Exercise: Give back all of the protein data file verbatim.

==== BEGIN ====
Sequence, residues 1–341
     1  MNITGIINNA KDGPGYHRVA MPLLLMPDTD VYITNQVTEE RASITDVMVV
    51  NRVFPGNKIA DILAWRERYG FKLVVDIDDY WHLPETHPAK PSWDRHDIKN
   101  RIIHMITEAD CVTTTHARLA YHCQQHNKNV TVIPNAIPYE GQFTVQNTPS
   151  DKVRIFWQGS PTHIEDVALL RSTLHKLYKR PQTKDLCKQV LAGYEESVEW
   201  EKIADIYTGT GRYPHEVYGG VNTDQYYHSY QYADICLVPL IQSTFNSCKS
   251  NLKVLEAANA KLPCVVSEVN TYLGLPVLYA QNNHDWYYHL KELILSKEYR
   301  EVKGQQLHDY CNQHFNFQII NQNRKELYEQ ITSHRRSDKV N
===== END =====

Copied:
Sequence, residues 1–341
     1  MNITGIINNA KDGPGYHRVA MPLLLMPDTD VYITNQVTEE RASITDVMVV
    51  NRVFPGNKIA DILAWRERYG FKLVVDIDDY WHLPETHPAK PSWDRHDIKN
   101  RIIHMITEAD CVTTTHARLA YHCQQHNKNV TVIPNAIPYE GQFTVQNTPS
   151  DKVRIFWQGS PTHIEDVALL RSTLHKLYKR PQTKDLCKQV LAGYEESVEW
   201  EKIADIYTGT GRYPHEVYGG VNTDQYYHSY QYADICLVPL IQSTFNSCKS
   251  NLKVLEAANA KLPCVVSEVN TYLGLPVLYA QNNHDWYYHL KELILSKEYR
   301  EVKGQQLHDY CNQHFNFQII NQNRKELYEQ ITSHRRSDKV N